Astronomy and space exploration

Discussion in 'General Discussion' started by eloyc, Apr 10, 2017.

  1. cheapchips

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    Neither Bezos or anyone else is going to take a 'scorched orbit' approach. The business they're trying to establish is dependant on sensible management of orbital debris. If they did piss about, the FAA can withdraw their launch licence. What you have at the moment is lots of noise on safety as no one wants a land grab on the best orbits/frequencies and all that, given the billions at stake.

    Kessler syndrome is generally misrepresented as two satellites crashing and then within a short span everything's blown up by debris. In actual fact it would take many decades to reach that state. They'd be time to do something about it with the launch capacity required for putting constellations up in the first place.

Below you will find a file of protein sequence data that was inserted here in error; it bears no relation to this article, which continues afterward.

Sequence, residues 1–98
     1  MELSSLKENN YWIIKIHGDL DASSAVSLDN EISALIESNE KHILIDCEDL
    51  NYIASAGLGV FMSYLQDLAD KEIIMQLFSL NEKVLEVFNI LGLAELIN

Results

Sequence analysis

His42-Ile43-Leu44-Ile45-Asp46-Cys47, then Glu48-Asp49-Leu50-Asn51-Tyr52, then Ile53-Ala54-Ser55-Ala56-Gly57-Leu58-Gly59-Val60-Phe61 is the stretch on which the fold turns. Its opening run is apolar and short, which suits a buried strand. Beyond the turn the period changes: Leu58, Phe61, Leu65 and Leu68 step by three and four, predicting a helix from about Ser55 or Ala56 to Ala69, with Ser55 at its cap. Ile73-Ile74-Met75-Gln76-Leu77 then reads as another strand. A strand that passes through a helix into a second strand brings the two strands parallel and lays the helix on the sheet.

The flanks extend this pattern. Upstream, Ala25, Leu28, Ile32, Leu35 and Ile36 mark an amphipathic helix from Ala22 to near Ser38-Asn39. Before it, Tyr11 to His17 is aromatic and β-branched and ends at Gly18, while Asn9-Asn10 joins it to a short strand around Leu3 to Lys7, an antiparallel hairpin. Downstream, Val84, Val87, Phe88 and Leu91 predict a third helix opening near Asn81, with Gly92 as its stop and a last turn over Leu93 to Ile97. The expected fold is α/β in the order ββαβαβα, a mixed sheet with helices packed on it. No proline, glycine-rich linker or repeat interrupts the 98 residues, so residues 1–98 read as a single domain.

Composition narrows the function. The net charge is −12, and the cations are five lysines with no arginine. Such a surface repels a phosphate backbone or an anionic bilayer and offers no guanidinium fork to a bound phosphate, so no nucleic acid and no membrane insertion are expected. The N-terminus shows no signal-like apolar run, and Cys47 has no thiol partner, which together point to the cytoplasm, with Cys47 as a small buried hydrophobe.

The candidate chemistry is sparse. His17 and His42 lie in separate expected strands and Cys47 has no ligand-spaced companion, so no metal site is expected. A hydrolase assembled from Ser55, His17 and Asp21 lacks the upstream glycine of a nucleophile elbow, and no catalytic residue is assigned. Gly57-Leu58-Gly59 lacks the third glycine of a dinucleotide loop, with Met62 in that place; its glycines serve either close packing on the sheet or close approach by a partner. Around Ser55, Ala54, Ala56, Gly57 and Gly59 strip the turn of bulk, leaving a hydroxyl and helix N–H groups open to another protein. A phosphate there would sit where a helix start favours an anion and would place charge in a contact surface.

It's clearly best avoided though and would be costly.
     
  2. Davros

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    To a point but a lot of debris is too small to track
     
  3. cheapchips

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    Indeed. That's problem of capability rather than something insurmountable though. The biggest issue would be if Kessler syndrome happened and society was in a place where we were either unwilling or unable to do something about it. There's obviously various scenarios that could knacker our industrial and space flight capability just at the time we'd need it to mitigate that problem.

    Thinking about it, a 'Kessler Attack' would make for the most boring non-lethal alien invasion story ever. "Haha. Now you're stuck you stupid humans!"